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Take 3: Quinnipiac v Army for Varsity Title

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Take 3: Quinnipiac v Army for Varsity Title

Maggie Myles scored two tries for Quinnipiac today. (Photo courtesy Quinnipiac Athletics)

The top-two-ranked varsity teams, Quinnipiac and Army, won their NCVWRA semifinals against Norwich and American International College, respectively, and head to the first-ever varsity championship. The finalists split their regular-season matches by a total of five points, so a good game should evolve.

Especially if the fields dry up. Today's semifinals were marked by mud, and Army vs. AIC got the worst of it. The conditions prevented the wide-open game that both sides prefer and multiplied the handling errors for plenty of scrums.

“It leveled the playing field,” Army coach Bill LeClerc said with an eye toward AIC center Anne-Laurence Harvey, who still managed to break free and score tries. “The game became much more direct – smash mouth rugby. Sometimes it’s good.”

But on this occasion, “smash mouth” meant “frustrating,” as the teams couldn’t harness much momentum with the constant stoppages. But Army’s forwards did well enough to give their side the possession it needed to establish and retain a lead.

“Tranelle Patterson is a big, solid carrier, and she’s always good for go-forward,” LeClerc credited the standout pack players. “Kiki Redmon did a good job protecting the ball. She’s a great rucker, has great body position. They both had big games today.”

Army inside center Nicole Heavirland accounted for West Point’s 15 first-half points. She scored two tries, and kicked a conversion and penalty.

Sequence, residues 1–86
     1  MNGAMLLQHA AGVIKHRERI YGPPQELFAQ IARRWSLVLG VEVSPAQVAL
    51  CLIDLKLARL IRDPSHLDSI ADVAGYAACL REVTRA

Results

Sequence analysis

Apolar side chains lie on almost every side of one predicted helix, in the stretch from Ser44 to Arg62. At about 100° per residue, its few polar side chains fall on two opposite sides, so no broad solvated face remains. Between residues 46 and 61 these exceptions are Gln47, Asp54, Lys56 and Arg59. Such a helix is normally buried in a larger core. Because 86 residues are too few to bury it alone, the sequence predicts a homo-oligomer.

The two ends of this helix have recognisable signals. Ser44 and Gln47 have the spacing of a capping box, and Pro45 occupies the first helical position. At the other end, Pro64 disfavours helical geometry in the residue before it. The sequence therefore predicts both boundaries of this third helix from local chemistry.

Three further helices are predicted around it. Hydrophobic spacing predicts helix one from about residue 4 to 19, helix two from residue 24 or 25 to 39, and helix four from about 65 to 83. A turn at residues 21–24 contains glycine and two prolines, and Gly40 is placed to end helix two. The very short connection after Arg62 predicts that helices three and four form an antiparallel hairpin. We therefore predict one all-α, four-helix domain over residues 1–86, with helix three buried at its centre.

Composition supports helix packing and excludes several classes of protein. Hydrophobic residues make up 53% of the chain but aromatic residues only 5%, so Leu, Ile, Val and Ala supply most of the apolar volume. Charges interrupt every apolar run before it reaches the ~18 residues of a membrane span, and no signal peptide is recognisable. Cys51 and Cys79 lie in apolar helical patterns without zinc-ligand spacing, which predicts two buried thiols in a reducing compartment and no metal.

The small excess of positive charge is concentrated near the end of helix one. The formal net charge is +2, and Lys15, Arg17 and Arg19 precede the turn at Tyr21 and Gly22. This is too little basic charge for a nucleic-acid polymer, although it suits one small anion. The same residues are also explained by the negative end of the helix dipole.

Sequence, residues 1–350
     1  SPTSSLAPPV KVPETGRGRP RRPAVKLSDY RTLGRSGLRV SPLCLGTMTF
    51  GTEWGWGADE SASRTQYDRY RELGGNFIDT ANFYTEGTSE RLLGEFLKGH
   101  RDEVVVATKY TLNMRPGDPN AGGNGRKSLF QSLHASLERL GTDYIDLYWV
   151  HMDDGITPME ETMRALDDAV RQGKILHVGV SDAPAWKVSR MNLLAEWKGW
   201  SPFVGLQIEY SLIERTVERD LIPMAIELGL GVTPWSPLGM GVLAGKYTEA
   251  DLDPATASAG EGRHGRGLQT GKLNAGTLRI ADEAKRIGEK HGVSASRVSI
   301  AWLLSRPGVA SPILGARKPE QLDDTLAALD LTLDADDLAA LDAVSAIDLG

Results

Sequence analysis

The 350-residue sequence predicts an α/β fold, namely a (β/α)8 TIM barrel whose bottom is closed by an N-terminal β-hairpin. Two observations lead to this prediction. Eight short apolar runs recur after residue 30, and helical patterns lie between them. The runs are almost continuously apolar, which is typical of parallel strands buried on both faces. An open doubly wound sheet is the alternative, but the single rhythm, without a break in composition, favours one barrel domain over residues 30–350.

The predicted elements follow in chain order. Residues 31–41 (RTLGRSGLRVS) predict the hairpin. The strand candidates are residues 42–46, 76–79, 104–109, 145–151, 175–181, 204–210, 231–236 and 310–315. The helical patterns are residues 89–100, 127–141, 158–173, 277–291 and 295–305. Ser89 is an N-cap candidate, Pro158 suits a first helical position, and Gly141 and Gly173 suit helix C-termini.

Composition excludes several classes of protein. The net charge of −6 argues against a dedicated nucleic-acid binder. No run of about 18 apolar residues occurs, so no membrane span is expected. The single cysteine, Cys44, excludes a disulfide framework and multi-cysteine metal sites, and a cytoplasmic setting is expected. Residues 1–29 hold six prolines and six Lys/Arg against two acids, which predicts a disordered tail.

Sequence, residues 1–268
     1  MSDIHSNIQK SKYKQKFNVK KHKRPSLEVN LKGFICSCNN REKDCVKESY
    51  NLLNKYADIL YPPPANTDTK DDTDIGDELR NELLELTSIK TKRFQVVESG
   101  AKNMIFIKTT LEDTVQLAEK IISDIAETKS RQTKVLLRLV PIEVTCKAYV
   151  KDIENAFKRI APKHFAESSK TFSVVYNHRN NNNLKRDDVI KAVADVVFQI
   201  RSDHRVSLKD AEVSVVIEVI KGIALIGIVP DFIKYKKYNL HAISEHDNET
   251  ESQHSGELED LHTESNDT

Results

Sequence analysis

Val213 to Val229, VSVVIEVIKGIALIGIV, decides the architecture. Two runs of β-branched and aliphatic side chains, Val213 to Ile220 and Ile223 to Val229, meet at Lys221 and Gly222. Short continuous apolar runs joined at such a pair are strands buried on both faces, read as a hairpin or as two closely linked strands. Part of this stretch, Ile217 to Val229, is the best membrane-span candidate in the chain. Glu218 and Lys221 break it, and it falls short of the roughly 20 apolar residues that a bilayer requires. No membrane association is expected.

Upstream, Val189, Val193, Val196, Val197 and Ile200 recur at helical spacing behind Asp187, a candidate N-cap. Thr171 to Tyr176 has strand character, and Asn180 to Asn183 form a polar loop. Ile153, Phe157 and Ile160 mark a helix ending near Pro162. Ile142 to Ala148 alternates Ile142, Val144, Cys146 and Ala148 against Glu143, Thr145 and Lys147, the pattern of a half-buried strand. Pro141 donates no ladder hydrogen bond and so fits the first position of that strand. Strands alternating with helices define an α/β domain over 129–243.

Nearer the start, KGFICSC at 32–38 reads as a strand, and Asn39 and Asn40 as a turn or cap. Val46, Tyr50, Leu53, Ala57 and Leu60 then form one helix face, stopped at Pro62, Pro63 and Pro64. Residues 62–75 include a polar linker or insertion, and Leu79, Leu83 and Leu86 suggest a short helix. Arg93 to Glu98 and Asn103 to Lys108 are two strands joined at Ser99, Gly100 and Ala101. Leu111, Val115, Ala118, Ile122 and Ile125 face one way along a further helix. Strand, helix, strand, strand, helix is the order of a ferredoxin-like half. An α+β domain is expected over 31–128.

“We moved Nicole from flyhalf to inside center for the last couple of games, and it’s working well for us,” LeClerc said of the sophomore Eagle. “It gives her a little more time to see things and react. She’s a good runner, has a good step.”

Similarly, Harvey accounted for the majority of AIC’s points. She ended the day with 16 points (two tries, three conversions), and leads the Yellow Jackets point-scorers with 213 this season.

Army entered halftime up 15-7 and padded its lead with a Sydney Dossett try at minute 50. AIC made it interesting in the fourth quarter, sending Harvey and senior captain Muneera Patton across for tries. The difference was Carissa Pekny’s score, and the senior’s five points afforded the 25-21 win to Army.

“We were leading 22-7 with 20 minutes to go, and we thought we were safe,” LeClerc tipped his hat to AIC. “But somehow we managed to let it go. AIC finished tough; they always have a late rally against us.”

The pitch dried out a little for the second semifinal, and Quinnipiac and Norwich were able to work the ball more. The teams stayed even for most of the second half, but it was the Cadets who sent sophomore wing Alanna Giradin into the try zone first. Sheila Decker’s conversion gave Norwich the 7-0 edge, but it would be the only lead that the Cadets enjoyed all day.

The teams traded tries to stay at 12-12 until the 30th minute. The Bobcats then ran in three-straight tries, as former Cadet Ilona Maher and Maggie Myles dotted down their second scores of the game, and Jennifer Fremd opened up the second half with a try, 29-12.

Norwich closed the point differential to 14 before the final whistle (Ally Day, Jordan Day, and Riley Blankenship scored additional tries on the day), but Flora Poole’s try and Madison Gegeckas’ three conversion awarded the 36-22 victory.

That sets up the third Quinnipiac vs. Army match this fall, and if the teams follow tradition, then another single-digit contest is coming our way.

“It’ll be another good game,” LeClerc said. “They like to move the ball wide, and so do we. We need to use opportunities when they present themselves – and they will – and capitalize on them. Otherwise, we won’t stand a chance. They’re a good team.

“We need to tackle,” LeClerc reflected on the previous 20-12 game that went to Quinnipiac. “They ran through us like a knife through butter. Our lineout wasn’t working well against them either. We can’t afford to give them that much ball, which we did. We’ve been working on our scrum and lineout, but it was hard to judge this morning’s effort because of the conditions.”

Recovery is the most important part of the game right now, as everyone preps for Sunday. The final occurs at 1 p.m. EST, so stay tuned.